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Infants distinguish sad music

Babies as young as five months old are capable of distinguishing differences in the sound of classical music, new research has shown.
Babies as young as five months old are capable of distinguishing differences in the sound of classical music, new research has shown.

According to research by psychologists at Brigham Young University, infants are capable of distinguishing both upbeat and sorrowful tunes.

Researchers showed babies pictures of emotionally-neutral, happy and sad faces when playing the different types of classical music and recorded how long the babies looked at each picture.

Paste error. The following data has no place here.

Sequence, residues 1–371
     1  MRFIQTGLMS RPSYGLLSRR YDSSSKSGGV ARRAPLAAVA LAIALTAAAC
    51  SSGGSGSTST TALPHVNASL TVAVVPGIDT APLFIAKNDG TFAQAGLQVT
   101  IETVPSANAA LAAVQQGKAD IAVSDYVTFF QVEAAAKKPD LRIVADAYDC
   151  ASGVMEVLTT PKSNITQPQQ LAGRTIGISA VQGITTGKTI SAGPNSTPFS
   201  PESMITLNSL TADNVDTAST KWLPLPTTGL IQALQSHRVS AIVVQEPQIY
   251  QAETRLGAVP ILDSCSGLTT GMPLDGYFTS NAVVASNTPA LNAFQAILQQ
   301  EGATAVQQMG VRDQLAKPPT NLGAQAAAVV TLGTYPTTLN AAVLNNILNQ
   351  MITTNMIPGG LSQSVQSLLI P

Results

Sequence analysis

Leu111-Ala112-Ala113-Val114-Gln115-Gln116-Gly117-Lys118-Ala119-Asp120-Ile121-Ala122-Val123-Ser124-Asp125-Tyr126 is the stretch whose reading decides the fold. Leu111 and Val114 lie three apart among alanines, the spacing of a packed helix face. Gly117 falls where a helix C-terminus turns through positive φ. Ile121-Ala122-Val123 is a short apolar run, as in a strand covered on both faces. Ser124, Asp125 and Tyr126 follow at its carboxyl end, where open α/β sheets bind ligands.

Infants aged as young as five months were capable of distinguishing happier songs, such as Beethoven's Ode to Joy, while by the age of nine months babies were also capable of picking out sorrowful tunes.

Brigham psychology professor and study author, Ross Flom, said: "One of the first things babies understand communicatively is emotion, so for them the melody is the message.

"Our study showed that by nine months, babies are categorising songs as happy or sad the same way that preschoolers and adults do."

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